The unforeseen outcome of the operation had the most serious consequences for the German surface fleet. Although the Kampfgruppe commander was bound by orders which required him to abandon the mission if heavy enemy forces appeared, the attack had already been reported as a great success, and when news of a fiasco was conveyed to Hitler instead, he reacted by decommissioning all ships of the size of light cruiser and above. Raeder resigned a few days later and was replaced by Grossadmiral Dönitz. The latter obtained some concessions, but on the whole the directive remained in force until the course of the war determined otherwise.

At the end of 1943 the number of operational Kriegsmarine destroyers was twenty, with ZH 1, Z 32, Z 33, Z 34, Z 37 and Z 38 now in commission. ZG 3 Hermes was lost off Tunisia in May, while Z 27 became a casualty in December.

On January, in Operation ‘Fronttheater’, Scharnhorst and Prinz Eugen were met off Hela by Paul Jacobi, Friedrich Ihn and Z 24 for the run to Norway, but when the squadron was sighted off the Skaw by RAF Coastal Command on the 11th the operation was broken off; a repeat attempt, code-named ‘Domino’, on the 25th with the destroyers Jacobi, Erich Steinbrinck, Z 32 and Z 37 was similarly unsuccessful, the units repairing to Gotenhafen on the 27th.

On 24 January Richard Beitzen, Z 29 and Z 30 sailed with Admiral Hipper and the light cruiser Köln from Altafjord to Bogen Bay and then Trondheim, leaving on 7 February for Kiel.The minelayer Brummer and the destroyers Z 6 Theodor Riedel and Z 31 laid the only offensive field of 1943 in the roadstead near Kildin Island, Kola Bay, between 4 and 6 February.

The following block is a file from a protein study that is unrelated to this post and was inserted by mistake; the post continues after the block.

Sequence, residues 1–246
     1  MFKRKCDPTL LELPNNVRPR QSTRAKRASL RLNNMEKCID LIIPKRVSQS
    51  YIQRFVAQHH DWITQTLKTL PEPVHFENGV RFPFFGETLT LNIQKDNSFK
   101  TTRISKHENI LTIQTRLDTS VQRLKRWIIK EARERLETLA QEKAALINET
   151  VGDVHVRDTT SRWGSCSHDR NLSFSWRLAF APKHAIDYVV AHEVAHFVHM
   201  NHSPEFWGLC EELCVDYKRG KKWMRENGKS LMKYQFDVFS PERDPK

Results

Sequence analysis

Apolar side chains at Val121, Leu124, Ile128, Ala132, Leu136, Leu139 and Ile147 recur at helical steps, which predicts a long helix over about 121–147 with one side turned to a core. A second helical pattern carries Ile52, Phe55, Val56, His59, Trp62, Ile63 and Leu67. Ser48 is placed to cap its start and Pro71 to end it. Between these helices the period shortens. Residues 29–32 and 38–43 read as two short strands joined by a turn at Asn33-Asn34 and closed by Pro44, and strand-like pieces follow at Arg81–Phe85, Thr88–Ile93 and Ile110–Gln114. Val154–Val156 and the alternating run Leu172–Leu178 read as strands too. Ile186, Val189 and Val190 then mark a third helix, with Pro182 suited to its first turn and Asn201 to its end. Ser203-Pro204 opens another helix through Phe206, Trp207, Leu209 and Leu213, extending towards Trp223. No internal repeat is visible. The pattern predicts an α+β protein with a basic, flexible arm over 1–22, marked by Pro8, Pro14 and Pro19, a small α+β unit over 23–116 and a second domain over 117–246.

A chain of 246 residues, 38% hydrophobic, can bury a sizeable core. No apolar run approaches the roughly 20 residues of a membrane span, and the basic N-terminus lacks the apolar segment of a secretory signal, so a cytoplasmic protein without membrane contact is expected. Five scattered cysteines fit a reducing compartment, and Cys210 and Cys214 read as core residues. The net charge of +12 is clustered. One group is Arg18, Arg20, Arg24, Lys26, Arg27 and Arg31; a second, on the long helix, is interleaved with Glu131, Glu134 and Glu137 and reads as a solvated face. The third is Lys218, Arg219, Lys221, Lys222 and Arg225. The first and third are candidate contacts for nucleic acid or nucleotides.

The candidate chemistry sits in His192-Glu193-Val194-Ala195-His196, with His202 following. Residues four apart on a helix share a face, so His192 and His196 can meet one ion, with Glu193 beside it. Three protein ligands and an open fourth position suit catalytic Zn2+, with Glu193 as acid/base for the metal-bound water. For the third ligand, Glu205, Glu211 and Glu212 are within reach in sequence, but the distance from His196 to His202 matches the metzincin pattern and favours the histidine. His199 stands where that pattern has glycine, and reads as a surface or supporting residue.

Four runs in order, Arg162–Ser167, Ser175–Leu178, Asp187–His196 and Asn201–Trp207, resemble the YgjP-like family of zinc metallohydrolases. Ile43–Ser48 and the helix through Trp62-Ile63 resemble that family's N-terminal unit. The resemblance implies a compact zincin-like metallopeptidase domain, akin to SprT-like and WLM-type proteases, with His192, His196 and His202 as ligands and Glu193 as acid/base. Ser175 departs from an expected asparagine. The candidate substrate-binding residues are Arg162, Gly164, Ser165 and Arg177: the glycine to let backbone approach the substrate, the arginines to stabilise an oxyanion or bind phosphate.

On 6 March Scharnhorst sailed from the Baltic. Having set out with Jacobi, Steinbrinck, Z 24, Z 25 and Z 28, plus five torpedo boats as escort, she arrived at Bogen Bay on 9 March with only Z 28 for company, the remainder following eight days later after having had weather damage repaired at Trondheim.

Between 31 March and 2 April Paul Jacobi, Theodor Riedel and Karl Galster waited near Jan Mayen for the blockade-runner Regensburg returning from Japan. The meeting never took place, the freighter having been sunk in the North Atlantic by the light cruiser Glasgow.

The major offensive of the year was the occupation of Spitzbergen, which was carried out between 6 and 9 September. While Lützow, Z 5 Paul Jacobi and Z 14 Friedrich Ihn remained in the anchorage at Altafjord to cover the numerous absences for the benefit of Allied air reconnaissance, the battleships Tirpitz and Scharnhorst and nine destroyers—Z 6, Z 10, Z 15, Z 20, Z 27, Z 29, Z 30, Z 31 and Z 33—headed for Barentsburg. During the approach to the town three destroyers were hit by coastal artillery: Z 29 suffered four hits, damage to outer plating, three dead and three wounded, Z 31 received eight hits on the upper deck, with one dead and one wounded, and Z 33 received no fewer than thirty-three hits to her hull and bridgework, resulting in 28 casualties, three of them fatal.